LGBT Representation in Entertainment

Are we as progressive as we think?

Korra and Asami at the end of season 4

Korra and Asami at the end of season 4

Kyle Michael, Reporter

For the longest time, The Legend of Korra was my favorite TV show. Ever. To this day, it remains in my top five. But the ending of the show caused some controversy: Korra, the main character, got a girlfriend. Although not fully confirmed in the show, the creators made it clear in social media that Korra was gay, bisexual to be exact. This was not the first time entertainment has had an LGBT character, and it would not be the last time. But are these characters really portrayed correctly, or do they follow too many stereotypes?

I surveyed three classes, and in each survey I asked if they supported the LGBT community.  I expected different results from each class. I expected the art class to mostly support LGBT rights, the English class to have mixed results, and the Field Bio class to have mostly negative results. To my surprise, between all three classes, the feedback was mostly positive. Another part of the survey asked if they thought the LGBT community gets represented well in entertainment.  Many thought that they do, but that stereotypes usually hold the characters back. This can be said about any character in any form of entertainment, but it’s worth noting. In addition to these surveys, I also interviewed three people. Two out of three were gay, and the other one could be identified as an “ally” who supports the LGBT community.  All three did confirm that representation in entertainment does matter. Anthony White, the “ally”, said that even when he was little, he looked for black people to identify with. When he was little, he often looked up to Black Panther, a superhero from Marvel comics. “When I was little kid, I used to watch the Ultimate Avengers. Not only was [Black Panther] a black guy, but he was also bada**.” Adrianna, who feels strong ties to the LGBT community, wishes that shows and movies could not be so “hush-hush” about LBGT characters. Representation does matter, and being able to see yourself and identify with people on screen is very important. Garnet from Steven Universe and Korra and Asami from The Legend of Korra give lesbian couples everywhere something to identify with. Leeron Littner from Gurren Lagann gave gay men an awesome, butt-kicking guy to look up to. When representation is done right, it empowers and inspires people.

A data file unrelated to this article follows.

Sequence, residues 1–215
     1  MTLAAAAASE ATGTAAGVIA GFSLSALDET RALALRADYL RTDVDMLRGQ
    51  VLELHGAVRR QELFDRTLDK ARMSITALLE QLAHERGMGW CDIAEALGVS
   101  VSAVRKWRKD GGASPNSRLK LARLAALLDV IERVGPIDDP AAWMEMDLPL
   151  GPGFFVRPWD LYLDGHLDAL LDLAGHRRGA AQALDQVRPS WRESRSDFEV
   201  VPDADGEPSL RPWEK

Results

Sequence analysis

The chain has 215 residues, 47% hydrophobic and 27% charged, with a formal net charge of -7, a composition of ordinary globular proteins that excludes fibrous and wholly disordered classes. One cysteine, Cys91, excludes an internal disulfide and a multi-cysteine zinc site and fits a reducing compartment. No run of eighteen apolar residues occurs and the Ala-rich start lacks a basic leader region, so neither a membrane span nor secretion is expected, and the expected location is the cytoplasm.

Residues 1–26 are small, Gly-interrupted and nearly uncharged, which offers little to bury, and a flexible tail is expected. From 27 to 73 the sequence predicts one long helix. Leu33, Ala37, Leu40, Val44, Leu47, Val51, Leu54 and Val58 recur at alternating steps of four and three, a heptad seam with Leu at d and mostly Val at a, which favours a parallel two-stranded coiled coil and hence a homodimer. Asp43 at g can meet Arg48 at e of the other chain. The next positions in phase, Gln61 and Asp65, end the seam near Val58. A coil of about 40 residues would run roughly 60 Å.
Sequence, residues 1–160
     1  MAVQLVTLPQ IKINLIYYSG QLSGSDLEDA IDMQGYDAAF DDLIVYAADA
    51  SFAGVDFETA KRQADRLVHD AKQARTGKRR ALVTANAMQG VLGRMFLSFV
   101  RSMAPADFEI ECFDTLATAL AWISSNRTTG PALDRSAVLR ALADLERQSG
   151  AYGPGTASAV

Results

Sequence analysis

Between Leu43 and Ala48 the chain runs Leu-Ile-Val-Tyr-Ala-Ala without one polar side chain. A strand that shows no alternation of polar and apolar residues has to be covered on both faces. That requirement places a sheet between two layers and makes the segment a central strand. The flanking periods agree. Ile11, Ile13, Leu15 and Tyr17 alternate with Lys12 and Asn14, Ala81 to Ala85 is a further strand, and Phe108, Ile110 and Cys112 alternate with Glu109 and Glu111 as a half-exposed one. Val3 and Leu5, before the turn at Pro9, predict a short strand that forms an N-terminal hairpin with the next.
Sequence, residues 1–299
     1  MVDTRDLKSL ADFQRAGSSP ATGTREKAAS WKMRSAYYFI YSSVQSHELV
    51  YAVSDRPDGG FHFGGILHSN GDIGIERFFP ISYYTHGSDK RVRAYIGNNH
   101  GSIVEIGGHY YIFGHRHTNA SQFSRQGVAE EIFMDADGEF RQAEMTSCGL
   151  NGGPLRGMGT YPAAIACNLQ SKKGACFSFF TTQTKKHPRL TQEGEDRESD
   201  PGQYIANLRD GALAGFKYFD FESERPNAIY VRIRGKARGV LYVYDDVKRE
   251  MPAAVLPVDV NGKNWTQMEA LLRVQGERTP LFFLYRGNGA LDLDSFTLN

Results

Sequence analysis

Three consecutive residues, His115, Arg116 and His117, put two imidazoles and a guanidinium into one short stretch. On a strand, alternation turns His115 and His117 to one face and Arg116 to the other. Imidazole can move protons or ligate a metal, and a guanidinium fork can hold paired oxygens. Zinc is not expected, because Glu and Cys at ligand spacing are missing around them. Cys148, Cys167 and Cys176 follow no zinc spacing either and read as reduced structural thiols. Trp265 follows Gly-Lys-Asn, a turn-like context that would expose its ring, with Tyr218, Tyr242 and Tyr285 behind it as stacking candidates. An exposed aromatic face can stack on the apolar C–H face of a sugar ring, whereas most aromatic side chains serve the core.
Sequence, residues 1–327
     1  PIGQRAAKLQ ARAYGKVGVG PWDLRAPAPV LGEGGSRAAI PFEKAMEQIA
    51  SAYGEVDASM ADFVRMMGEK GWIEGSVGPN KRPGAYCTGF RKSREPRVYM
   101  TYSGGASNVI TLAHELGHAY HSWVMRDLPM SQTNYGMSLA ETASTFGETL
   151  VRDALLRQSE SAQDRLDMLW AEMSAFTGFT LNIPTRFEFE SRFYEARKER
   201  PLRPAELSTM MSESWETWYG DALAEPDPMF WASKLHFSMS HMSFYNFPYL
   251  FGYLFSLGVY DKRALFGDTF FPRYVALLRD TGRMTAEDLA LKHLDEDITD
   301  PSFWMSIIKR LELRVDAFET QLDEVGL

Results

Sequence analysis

When it’s done wrong, however, it can be very harmful. Take Fire Emblem Fates for example, which I can never seem to escape from in any article I write. The only two LGBT characters in the game are literally insane, with one being a stalker and the other one spouting innuendos every second he gets. While both can become likable characters if you read their supports (which are conversations between different characters in the game), on the surface they seem very weird and unappealing. Niles and Rhajat make being gay seem taboo, and when that happens, you’ve failed at creating a character that can represent a community correctly. In the future, the entertainment industry should take more of an effort into creating LGBT characters. With fewer stereotypes, someday we might be able to see a good LGBT character outside of a cartoon.